This article in the @guardian correctly points out that polygenic risk scores for medical problems are based on genomic data compiled from predominantly European-descended populations 1/ theguardian.com/science/2018/o…
That means you cannot use these data to calculate polygenic risk scores for medical problems for people of non-European descent and that, in turn, means the beneficiaries of the preventative medical interventions based on these scores will be of European descent. 2/
The article quotes a letter Professor David Curtis, a geneticist and psychiatrist at UCL, wrote to the leaders of the Medical Research Council and the Wellcome Trust saying that “UK medical science stands at risk of being accused of being institutionally racist”. 3/
The inquisition that has been launched by Woke physicists against Professor Strumia for expressing some heretical ideas at @Cern about why women are under-represented in physics is truly shocking. You would think physicists, of all people, would be wary of inquisitions.
Professor Strumia has now been suspended by @CERN and is under investigation by the University of Pisa, where he holds a chair in physics, for “ethics violations”. I wouldn’t be surprised if he loses both positions.
In the BBC report, his headline sin is reported to be claiming that “physics was invented and built by men”. That’s not 100% accurate — some women, such as Marie Curie, have made critical contributions to the field — but is it “offensive”? bbc.co.uk/news/world-eur…
Hi Sam. The reasons are in the report which you can read here: cps.org.uk/files/reports/…
But in summary: 1/ Urgent need for more school leavers with technical qualifications to fill vacancies in skilled jobs (3.6 million *additional* vacancies predicted by 2022 according to @ukces)
2/ At present, main providers of 14-19 technical/vocational education (UTCs and studio schools) are failing. Of 112 that have opened since 2011, 35 have failed so far. The problem, according to @IPPR, is that they're locked in 'cycle of decline' ippr.org/files/2017-06/…
3/ Failure to recruit sufficient pupils in Y10 means they have no choice but to accept low-attaining, hard-to-teach children dumped in them by neighbouring secondaries. That, in turn, means they get bad Ofsted reports and poor exam results, which makes it even harder to recruit.
If you think someone’s skin colour invalidates why they’re saying, David, that’s racism. It may be ‘woke’ and it may endear you to the identitarian left. But it’s still racism. And, no, the fact that I’m white doesn’t mean I’m not entitled to call out racism when I see it.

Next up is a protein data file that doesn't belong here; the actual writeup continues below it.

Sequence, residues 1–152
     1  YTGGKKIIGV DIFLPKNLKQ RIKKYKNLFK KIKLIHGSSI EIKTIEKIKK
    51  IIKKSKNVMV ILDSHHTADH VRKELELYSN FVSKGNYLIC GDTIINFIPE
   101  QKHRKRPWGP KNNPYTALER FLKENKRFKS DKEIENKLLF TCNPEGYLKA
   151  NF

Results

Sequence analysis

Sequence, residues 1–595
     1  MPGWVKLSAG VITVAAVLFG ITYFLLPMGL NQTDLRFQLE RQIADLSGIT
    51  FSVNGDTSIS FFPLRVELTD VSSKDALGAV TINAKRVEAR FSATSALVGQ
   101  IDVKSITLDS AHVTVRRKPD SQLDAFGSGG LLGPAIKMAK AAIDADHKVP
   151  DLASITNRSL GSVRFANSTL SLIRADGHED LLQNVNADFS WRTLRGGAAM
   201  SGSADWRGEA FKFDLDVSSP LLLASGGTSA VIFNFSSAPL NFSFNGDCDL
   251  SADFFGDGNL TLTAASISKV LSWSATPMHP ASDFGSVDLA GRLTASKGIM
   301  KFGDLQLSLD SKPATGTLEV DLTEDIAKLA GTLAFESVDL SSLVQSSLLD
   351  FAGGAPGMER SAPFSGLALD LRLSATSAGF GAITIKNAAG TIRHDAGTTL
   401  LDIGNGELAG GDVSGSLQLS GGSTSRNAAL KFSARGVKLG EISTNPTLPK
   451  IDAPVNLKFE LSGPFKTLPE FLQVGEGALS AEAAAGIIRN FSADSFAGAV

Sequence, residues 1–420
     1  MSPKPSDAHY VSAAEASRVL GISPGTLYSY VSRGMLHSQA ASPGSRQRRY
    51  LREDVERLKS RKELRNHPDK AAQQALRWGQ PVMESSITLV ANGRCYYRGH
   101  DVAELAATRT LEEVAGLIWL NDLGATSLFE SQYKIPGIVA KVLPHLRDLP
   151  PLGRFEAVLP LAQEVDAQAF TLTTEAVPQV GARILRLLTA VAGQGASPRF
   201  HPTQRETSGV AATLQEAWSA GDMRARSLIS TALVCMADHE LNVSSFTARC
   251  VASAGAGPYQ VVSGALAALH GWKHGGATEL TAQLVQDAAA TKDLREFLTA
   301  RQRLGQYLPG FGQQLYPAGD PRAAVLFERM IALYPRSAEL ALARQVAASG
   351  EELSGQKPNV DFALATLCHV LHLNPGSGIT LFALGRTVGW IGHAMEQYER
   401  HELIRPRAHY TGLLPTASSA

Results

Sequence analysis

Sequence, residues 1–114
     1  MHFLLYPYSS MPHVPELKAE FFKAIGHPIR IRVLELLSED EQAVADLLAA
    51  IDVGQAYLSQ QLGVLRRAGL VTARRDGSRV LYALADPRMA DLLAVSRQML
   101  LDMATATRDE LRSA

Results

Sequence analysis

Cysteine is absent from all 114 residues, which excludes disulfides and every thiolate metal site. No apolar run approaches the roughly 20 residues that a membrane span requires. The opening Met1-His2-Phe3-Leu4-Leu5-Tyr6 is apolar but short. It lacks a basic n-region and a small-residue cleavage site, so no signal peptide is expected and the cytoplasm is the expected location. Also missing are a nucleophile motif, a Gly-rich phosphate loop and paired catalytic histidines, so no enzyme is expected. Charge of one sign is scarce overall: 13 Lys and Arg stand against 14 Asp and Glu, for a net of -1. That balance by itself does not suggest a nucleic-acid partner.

In 1998 I went to see England play Tunisia in Marseille with my late father, Michael Young. It was England's first game of the Coupe du Monde. 1/
My father was 82, about to turn 83, not in the best of health, and my stepmother didn't think it was a good idea for him to go. But he was dead keen. He was a lifelong football fan and had been at Wembley in 1966 to see England's victory over West Germany. 2/
The night before the match, there were reports of England fans clashing with Tunisian fans and I was anxious about getting caught up in any crowd trouble. It wouldn't have taken much to knock my father over and that could easily have ended with a broken hip or worse. 3/
Amrou Al-Kadhi defends PRH’s new diversity policy by appealing to aesthetic relativism — no such thing as literary merit, therefore publishers should judge manuscripts according to whether they promote inclusion. independent.co.uk/voices/penguin…
His critique of literary merit will be familiar to anyone who has been exposed to the neo-Marxist, post-modernist ideology that’s all-pervasive in higher education across the Western world
Multiple problems with that critique. Evidence that “unconscious bias” exists and operates in the way he describes is threadbare at best. See this comprehensive debunking by David French in the National Review nationalreview.com/2017/01/implic…
In the press release and the exec summary, the report's authors claim that the main rationale for the free schools policy when it was first rolled out was to promote innovation and encourage parents to set up schools.
They then claim the policy has failed because not many free schools are innovative – 35% of primaries and 29% of secondaries, according to the report – and only about 20% of those opened since 2015 are parent-led.
There is no robust evidence that Oxford is biased against BME applicants, female applicants, applicants from the North East or applicants from state schools.
BME students make up 17.9% of all British Oxford undergraduates. That's pretty close to the percentage of BME people among 17-24-year-olds in England and Wales – 18.3%. If you include post-grads and international students, total number of BME students at Oxford climbs to 28%.
I don’t even claim that it would be possible to predict whether a person will have an above average or below average IQ with a higher than 50% chance of being correct based on an analysis of their DNA. 2/
But my article was written in 2015 and so much progress has been made since then in identifying genome-wide polygenic scores (GPSs) for intelligence, using huge datasets, that I now think it is possible to make the modest prediction referred to immediately above. 3/